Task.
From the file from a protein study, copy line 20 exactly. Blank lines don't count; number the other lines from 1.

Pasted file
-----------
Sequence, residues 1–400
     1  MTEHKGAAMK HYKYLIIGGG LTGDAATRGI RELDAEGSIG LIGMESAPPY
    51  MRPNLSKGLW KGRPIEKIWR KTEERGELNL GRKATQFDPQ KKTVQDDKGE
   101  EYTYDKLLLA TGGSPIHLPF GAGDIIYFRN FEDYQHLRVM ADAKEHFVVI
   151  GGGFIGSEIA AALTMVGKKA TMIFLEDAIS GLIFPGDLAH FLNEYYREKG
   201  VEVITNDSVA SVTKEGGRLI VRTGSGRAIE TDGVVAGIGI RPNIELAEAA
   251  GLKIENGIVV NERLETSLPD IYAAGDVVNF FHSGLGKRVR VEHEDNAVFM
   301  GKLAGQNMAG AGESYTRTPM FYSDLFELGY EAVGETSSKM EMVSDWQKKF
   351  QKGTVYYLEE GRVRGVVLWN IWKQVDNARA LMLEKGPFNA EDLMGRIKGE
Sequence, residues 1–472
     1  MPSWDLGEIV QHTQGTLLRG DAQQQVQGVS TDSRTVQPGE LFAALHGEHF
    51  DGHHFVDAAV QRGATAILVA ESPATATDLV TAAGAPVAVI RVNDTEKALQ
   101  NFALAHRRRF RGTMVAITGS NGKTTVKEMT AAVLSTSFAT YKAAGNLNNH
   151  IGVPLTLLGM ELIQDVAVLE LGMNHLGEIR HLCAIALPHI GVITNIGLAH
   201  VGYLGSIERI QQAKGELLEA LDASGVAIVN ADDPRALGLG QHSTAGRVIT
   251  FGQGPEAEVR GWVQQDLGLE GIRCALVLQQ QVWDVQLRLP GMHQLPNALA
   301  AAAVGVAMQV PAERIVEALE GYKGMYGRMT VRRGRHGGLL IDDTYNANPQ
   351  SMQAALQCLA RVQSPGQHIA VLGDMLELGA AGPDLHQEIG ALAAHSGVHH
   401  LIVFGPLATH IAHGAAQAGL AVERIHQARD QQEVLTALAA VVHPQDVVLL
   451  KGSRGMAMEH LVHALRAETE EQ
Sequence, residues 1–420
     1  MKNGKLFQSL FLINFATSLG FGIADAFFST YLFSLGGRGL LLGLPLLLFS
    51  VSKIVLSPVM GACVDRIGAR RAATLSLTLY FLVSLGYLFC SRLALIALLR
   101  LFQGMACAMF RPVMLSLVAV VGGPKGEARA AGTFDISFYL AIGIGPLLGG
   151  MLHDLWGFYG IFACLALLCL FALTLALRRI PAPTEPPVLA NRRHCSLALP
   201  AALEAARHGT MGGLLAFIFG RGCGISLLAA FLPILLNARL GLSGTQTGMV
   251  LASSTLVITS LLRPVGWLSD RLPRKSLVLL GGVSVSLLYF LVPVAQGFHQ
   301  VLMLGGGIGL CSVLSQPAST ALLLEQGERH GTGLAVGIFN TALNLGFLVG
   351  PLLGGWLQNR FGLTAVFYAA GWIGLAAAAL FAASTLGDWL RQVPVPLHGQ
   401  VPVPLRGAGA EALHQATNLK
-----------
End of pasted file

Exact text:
   451  KGSRGMAMEH LVHALRAETE EQ